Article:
Your frequently asked questions, our answers.

1)      How long do people have to wait to receive an organ transplant?

That varies according to the simple equation of demand and supply. Because of the limited supply, organs invariably go to those most in need. If you are extremely ill it is more likely that you will receive an organ. There is a priority listing and a formula to determine who will be selected to receive an organ from a donor. The downside of this is that for a person waiting, they often become very sick before they receive an organ whereas ideally we would transplant them before they became so ill that the risk of death or complications became too high. People waiting for a kidney transplant can wait between five and seven years.
People needing liver or heart transplants often need to wait nine or more months. Recipients are assessed for compatibility to the donor (not just blood type, but for six different tissue antigen subtypes as well as general body size – e.g. putting an adult heart into a small child is not possible). Some ethnic groups have rare tissue antigen sub-types making the wait even longer, if they survive. Bone marrow recipients (which are not from deceased donors), require matching of many more different tissue antigen subtypes.

2)      How many new organ donors do you get per year on average?

We have seen a 43 per cent increase in donation rates in Australia over the past five years. There are between 350-400 donors per year. Plus there are also about 250 healthy people each year in Australia who donate a kidney (or occasionally a piece of their liver) to a family member or friend. These are called ‘Living donors’. To become a living donor requires meeting an extensive list of medical and psychological criteria. 

3)      If someone who is listed as an organ donor dies, can their family override their decision to donate?

Yes, families have the final say. Transplant Australia would like to create a community norm so that in circumstances where a person has gone to the effort of registering to be a donor, that upon death, their wishes are honoured by their family, the clinicians and society. This occurs more often when the registered donor has discussed their decision to be a donor with their family prior to death so that everyone is of an understanding and it doesn’t come as a surprise when the family are grieving the loss of their loved one. We term this ‘first person authorization’ but equally it could be called first person respect.  It is worth noting that the donor family have no say in who should receive the organs.

4)      How many lives can one organ donor save?

On average each deceased donor will donate approximately four solid organs (kidney, liver, heart, lungs, or pancreas).  Many more people can receive life-enhancing transplants such as tendon grafts, heart valves or corneas. In total, up to ten people could have their lives changed by a single donor.  Think also here about the number of people whose lives are affected by a single organ donor.  Each recipient has their own family and friends, so potentially 100 or more people can be directly touched by a single decision to become an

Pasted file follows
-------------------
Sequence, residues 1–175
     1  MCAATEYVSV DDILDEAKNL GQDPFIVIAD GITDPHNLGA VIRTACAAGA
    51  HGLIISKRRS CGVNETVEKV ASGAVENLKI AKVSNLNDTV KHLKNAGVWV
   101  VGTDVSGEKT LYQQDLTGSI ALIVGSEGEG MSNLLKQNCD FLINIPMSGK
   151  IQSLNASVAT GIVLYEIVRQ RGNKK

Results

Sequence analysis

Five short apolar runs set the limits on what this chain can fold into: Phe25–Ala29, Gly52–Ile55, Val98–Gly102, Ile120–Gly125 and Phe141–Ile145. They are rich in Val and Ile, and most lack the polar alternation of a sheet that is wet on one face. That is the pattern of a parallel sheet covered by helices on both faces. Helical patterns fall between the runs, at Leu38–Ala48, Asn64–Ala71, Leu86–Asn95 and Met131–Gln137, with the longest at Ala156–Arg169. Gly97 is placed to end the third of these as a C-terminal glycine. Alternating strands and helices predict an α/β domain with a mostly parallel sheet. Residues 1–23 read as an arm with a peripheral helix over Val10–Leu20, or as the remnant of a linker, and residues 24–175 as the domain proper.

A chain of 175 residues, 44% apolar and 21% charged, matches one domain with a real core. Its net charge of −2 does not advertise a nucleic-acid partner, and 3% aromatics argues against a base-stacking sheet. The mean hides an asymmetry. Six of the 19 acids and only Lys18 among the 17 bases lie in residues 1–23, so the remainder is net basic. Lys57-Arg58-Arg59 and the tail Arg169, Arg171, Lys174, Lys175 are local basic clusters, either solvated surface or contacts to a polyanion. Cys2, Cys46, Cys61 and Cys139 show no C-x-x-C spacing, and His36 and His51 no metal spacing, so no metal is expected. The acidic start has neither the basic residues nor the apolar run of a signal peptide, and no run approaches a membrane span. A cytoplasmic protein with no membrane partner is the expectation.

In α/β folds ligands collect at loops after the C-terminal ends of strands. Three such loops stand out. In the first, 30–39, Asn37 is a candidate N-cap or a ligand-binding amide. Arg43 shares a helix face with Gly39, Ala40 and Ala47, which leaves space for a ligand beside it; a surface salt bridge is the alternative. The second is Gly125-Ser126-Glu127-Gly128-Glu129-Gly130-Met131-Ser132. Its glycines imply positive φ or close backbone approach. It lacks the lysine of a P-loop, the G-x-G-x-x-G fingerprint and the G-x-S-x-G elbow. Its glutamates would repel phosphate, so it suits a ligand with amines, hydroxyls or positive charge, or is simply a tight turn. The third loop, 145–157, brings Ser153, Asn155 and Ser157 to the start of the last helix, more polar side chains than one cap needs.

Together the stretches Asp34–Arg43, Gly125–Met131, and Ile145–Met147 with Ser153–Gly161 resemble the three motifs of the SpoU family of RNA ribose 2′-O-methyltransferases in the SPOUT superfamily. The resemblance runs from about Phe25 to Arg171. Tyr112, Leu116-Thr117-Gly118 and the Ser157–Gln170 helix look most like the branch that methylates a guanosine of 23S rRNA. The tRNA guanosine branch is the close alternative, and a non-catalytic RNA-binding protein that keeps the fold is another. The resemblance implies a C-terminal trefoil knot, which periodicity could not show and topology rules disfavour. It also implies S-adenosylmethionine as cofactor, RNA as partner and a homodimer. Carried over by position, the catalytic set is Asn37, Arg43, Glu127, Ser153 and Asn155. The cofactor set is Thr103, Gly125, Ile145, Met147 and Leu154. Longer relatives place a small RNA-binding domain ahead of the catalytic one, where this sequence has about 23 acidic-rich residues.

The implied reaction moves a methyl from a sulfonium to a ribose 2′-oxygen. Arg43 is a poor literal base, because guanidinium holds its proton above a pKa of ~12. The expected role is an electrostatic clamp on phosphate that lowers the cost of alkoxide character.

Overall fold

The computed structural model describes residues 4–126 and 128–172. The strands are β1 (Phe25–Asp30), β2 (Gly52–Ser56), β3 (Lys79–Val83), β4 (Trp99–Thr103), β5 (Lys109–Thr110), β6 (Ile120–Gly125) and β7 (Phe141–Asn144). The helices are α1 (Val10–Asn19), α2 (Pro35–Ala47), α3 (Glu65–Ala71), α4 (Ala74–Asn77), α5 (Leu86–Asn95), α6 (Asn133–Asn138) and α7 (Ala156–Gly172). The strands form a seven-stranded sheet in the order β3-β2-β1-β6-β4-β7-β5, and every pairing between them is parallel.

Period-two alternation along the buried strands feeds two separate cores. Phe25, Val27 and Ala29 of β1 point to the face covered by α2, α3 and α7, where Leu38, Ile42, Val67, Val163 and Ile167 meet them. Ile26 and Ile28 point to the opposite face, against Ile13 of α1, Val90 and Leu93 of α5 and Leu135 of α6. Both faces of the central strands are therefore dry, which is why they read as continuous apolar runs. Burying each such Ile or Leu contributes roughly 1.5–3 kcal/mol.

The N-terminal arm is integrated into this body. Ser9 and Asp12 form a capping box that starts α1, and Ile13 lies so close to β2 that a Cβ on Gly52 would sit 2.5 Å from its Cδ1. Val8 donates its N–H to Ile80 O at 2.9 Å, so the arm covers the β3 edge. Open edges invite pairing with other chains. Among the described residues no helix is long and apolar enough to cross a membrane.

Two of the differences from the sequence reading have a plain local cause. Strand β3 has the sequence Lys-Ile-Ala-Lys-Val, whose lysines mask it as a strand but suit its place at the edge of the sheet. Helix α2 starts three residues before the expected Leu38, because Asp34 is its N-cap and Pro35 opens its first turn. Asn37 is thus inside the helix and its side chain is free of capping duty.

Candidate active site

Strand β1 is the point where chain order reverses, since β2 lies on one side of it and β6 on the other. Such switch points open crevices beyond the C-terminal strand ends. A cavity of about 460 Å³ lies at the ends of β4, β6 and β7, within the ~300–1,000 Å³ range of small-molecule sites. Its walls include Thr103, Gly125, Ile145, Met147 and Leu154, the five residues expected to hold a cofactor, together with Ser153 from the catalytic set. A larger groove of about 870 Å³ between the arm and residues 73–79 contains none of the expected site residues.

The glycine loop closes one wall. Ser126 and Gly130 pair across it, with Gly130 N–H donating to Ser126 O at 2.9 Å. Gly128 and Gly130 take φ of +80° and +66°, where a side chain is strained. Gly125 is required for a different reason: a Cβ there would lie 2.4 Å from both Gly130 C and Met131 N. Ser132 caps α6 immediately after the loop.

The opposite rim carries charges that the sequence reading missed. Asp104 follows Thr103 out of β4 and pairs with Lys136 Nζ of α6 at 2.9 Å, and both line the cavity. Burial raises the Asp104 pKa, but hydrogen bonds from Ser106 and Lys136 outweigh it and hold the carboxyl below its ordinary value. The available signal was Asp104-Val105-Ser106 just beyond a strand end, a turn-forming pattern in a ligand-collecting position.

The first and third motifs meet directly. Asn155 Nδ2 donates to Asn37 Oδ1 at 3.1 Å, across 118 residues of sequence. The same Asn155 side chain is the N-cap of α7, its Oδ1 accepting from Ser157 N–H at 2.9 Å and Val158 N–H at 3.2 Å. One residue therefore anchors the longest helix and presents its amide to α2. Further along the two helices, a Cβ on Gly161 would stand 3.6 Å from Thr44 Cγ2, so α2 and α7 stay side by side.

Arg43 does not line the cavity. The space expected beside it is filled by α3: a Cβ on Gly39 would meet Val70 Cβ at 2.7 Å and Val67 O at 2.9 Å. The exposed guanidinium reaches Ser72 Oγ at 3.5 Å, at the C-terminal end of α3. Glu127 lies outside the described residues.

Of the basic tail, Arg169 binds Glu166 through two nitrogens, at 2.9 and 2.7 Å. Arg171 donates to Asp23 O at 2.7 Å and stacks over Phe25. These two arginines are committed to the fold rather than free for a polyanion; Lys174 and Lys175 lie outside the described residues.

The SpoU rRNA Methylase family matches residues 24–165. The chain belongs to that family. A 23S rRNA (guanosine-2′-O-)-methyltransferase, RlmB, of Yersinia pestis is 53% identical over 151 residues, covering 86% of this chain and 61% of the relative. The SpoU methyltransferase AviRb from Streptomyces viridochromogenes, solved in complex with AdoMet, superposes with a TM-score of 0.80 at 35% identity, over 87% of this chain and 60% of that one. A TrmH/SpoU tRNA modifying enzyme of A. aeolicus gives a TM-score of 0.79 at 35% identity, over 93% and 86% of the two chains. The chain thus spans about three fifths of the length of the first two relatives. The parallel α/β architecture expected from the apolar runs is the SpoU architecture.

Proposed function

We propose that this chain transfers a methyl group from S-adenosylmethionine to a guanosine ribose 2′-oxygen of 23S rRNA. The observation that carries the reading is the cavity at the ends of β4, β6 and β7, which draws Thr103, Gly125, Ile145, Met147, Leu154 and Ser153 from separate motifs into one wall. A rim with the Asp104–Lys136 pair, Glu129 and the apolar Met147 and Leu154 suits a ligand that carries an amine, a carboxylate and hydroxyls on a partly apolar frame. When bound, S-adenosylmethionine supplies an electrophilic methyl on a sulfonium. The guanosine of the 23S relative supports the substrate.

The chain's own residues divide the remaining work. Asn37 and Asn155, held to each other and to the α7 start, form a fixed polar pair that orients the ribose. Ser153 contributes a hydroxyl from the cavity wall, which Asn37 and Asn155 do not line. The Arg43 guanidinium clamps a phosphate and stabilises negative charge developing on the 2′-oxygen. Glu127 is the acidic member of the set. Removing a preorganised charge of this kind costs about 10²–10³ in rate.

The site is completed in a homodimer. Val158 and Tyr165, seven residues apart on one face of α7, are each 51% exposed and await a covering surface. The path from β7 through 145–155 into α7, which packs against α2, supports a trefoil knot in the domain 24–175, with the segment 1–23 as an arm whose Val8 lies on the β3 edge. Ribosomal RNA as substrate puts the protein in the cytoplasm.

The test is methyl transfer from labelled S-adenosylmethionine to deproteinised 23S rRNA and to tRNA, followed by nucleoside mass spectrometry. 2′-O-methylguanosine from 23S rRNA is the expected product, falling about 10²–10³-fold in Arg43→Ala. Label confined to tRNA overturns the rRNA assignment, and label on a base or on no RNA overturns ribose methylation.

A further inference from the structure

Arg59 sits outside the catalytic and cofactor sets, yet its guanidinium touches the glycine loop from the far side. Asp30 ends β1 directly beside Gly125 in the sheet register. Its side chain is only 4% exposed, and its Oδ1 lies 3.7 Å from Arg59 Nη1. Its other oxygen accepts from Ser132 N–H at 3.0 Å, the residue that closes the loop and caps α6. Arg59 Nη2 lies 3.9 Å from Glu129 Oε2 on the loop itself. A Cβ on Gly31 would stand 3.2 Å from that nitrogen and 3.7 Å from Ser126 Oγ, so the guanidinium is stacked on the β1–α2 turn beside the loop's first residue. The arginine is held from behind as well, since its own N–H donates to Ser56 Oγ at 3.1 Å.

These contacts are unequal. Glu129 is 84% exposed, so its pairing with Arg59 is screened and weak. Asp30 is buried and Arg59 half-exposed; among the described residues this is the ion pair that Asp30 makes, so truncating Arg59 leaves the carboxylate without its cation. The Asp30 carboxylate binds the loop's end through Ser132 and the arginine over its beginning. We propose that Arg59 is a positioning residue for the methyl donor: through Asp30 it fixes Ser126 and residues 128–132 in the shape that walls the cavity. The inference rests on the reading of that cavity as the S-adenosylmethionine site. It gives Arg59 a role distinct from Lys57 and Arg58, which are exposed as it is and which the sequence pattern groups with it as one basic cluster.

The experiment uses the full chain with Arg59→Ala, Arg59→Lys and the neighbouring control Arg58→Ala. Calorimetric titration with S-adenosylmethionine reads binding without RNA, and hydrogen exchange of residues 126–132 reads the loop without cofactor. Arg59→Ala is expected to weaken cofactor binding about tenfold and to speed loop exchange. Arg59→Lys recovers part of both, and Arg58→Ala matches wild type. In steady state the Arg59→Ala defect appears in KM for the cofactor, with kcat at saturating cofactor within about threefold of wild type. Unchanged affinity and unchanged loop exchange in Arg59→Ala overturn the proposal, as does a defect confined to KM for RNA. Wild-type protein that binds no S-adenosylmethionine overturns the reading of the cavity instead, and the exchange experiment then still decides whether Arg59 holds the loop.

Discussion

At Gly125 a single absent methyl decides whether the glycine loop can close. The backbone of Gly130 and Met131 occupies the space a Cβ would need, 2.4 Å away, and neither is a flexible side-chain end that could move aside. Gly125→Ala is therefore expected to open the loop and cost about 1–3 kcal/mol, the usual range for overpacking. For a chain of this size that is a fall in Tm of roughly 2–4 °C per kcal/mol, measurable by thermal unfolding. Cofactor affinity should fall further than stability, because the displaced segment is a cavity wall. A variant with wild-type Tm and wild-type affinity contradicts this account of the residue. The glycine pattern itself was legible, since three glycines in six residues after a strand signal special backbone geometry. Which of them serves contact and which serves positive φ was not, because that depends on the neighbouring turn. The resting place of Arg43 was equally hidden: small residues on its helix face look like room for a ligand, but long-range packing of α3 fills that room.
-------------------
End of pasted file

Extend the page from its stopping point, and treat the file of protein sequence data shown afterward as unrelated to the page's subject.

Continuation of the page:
organ donor.

 5)      What stops people from becoming organ donors?

Generally, people don’t like to think about death or dying and as a result they don’t take steps to outline what they’d like to have happen to their organs when they die.

If you do become an organ donor, it is important that you discuss your decision with your family. Uncertainty, about what you would have wanted to have happen, is often the cause of families refusing to consent because they are asked at a stressful time when they’re grieving.

6)      What organs are most commonly donated? Which organs are least donated?

The organs that are most commonly donated are those where there is the greatest need – kidneys. In terms of rare donations occasionally small intestines are donated for people suffering from short bowel syndrome. 

7)      What is organ is most in demand?

Kidneys, principally because your life can be sustained on dialysis while waiting. For many of the other organs, it is a case of receive an organ transplant or die.

8)      Can anyone become an organ donor?

Yes, age or medical condition should not rule anyone out. Leave it for the health care professionals to decide.

9)      Are there any donated organs that are gender specific? If so what?

Overseas, there was a rare recent case of a woman who received a uterus transplant, who subsequently gave birth, but this is an isolated example.  In general, donated organs can be transplanted into a recipient of either gender.
  

10)  Is there a difference in the number of male organ donors to female donors?
Slightly more males become organ donors because of risk-taking behaviour such as traffic accidents and drowning. However, these only account for approximately one quarter of deceased organ donors. However the single most common cause of death in organ donors is a cerebrovascular accident (a brain bleed).

11)  Do you think Australia would benefit from an ‘opt out’ organ donation system?

No because without sufficient information and education our concern would be that too many people indeed would opt out. We need to improve the rate of people registering on the Australian Organ Donor Register and then respect their decision to give the gift of life.  Even in countries where the ‘opt out’ system is in place, the family are still consulted about organ donation and can override the decision.